What It Is and What to Expect

Pragmatics is the piece of speech and language that deals with how and why we communicate with other people. When we talk about pragmatics, we are referring to the social rules that govern how we use our language to interact with those around us. These social rules, which are often unspoken, tell us how to communicate for a variety of reasons, how to participate in conversation, how to interact with people without upsetting them, and how to string together sentences and weave them into stories that are easy for others to understand.

When we break the rules of pragmatics, we are often seen as rude or confusing. Imagine, for example, that a friend of yours comes up to you and begins to tell you about her vacation. Rather than ask her a question about her vacation, you blurt out that your cat has gained a bit too much weight lately. Most of us understand that this is rude—you’ve not only changed the topic of conversation abruptly, but you’ve missed a chance to show your friend you are interested in her by asking questions about her topic of interest (her vacation).

Children who struggle with pragmatics, however, simply might not know that they are supposed to follow these rules of conversation.

As with all other aspects of speech and language development, the understanding and use of pragmatics develops over time as children grow. Pragmatic skills unfold in a few key areas: language purpose, conversation, and narratives.

The Purpose of Language

Almost as soon as children start talking, they learn to communicate for different purposes. As speech therapists, we look not only at how a child is communicating, but why she is doing so.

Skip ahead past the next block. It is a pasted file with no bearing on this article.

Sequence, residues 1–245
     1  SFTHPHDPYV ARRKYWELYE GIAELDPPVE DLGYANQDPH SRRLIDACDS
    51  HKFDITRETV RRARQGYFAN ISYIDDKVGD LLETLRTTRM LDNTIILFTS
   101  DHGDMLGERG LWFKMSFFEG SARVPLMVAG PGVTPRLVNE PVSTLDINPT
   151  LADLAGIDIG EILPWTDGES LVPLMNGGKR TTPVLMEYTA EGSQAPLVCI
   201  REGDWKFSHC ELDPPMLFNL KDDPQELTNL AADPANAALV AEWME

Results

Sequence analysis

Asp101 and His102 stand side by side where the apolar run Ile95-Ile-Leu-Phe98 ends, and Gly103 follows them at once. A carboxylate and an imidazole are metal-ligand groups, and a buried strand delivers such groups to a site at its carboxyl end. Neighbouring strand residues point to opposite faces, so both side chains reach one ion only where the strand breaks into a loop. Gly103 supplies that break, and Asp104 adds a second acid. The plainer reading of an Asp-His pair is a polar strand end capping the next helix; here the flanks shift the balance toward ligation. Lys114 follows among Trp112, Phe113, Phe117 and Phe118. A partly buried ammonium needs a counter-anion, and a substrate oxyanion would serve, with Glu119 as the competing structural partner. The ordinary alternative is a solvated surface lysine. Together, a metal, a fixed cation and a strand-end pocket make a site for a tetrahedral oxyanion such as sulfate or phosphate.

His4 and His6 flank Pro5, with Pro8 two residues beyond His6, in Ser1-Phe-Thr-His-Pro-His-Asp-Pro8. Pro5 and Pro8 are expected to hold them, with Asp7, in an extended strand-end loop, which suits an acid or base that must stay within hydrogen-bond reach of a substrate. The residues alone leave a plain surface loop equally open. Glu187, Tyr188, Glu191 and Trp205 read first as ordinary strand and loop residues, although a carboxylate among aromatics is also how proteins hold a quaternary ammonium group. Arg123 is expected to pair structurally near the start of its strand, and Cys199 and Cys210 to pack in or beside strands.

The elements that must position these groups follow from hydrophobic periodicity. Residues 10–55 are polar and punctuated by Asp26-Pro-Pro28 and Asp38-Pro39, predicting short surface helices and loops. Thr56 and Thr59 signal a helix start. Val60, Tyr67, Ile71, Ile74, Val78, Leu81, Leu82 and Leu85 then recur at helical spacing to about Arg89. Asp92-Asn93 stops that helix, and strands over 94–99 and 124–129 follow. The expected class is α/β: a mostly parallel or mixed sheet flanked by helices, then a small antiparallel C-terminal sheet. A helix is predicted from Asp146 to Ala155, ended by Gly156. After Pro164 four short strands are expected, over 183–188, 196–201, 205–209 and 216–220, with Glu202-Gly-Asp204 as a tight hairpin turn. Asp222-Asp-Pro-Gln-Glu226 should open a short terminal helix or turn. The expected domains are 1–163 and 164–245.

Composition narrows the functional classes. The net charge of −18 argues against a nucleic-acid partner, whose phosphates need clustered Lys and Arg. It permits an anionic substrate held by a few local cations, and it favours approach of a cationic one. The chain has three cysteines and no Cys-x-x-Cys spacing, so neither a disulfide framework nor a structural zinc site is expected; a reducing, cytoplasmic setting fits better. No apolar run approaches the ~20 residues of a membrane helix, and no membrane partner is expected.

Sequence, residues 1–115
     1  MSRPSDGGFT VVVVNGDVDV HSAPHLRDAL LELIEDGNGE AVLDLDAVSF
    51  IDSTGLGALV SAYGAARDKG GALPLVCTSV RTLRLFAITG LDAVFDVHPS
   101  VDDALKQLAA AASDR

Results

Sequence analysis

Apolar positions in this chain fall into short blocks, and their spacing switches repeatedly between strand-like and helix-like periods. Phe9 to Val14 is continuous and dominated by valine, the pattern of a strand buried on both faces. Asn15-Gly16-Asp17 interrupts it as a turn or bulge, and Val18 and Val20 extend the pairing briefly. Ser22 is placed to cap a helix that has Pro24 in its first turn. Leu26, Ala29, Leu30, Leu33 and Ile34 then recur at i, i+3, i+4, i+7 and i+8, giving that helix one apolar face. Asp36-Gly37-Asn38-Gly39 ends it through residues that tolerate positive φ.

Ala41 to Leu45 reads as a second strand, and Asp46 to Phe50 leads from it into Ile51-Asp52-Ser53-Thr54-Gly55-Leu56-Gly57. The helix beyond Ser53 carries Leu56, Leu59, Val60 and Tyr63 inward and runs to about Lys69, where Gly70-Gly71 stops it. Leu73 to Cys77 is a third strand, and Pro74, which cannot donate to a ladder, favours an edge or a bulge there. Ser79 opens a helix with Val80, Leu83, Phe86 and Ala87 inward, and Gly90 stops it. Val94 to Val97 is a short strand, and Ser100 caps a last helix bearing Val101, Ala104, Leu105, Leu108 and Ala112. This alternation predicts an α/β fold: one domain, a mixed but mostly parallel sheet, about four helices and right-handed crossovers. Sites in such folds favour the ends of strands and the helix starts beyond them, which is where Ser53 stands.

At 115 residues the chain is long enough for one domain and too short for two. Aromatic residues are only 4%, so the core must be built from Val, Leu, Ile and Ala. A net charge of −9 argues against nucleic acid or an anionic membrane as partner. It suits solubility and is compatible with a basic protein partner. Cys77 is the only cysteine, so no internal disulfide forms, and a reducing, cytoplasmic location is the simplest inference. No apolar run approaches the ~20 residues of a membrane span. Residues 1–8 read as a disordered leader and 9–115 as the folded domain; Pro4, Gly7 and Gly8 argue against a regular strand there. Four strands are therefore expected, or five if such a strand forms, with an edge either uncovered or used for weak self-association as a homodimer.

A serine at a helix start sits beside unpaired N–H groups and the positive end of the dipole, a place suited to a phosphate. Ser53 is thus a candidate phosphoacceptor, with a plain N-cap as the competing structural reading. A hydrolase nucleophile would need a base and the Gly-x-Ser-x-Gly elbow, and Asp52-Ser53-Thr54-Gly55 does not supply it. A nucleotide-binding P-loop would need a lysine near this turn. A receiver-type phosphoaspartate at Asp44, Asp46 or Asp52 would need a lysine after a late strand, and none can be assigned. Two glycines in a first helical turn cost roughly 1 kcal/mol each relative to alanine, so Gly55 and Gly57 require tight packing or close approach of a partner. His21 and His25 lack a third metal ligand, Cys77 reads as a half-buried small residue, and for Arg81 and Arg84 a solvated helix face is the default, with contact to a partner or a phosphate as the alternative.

• Request things
  • Point out things of interest
  • Greet others
  • Refuse things, and
  • Participate in social games such as peek-a-boo.

By 18-24 months
, children start using their communication skills to gain information (which is often accomplished by the child asking “what’s that?” over and over!) and to answer simple questions.

By 3 years, children begin to use “please” to make their requests more polite. They’ll also start to use indirect requests, so that instead of demanding, “Open the door!” your child might say, “do you want to go outside?”

Grand-parents with grandkids playing checkers

By 4 years, children begin to use language for a variety of new reasons. You’ll notice that your child can now use language well to tell you about things that have happened to him, to predict what might happen in the future, to reason, and to talk about the feelings of others.

By 5 years, children have become even more savvy in their requesting skills. You’ll notice that your child has learned that simply hinting at what he wants can be a form of asking for it. For example, you might notice your child says “Oooh, that cake looks really good,” when he really means, “I want a piece of cake!” At this age, children also begin to understand that other people have thoughts that are different from their own (something called “theory of mind”). This understanding though, evolves more fully over the next few years.

By 7-9 years, children learn to use and understand figurative language effectively. This means they understand that a phrase such as, “it’s raining like cats and dogs” does not actually mean that cats and dogs are falling from the sky. They also begin to more thoroughly understand that other people have different perspectives and start to take those perspectives into account and use them to navigate conversation with others more effectively.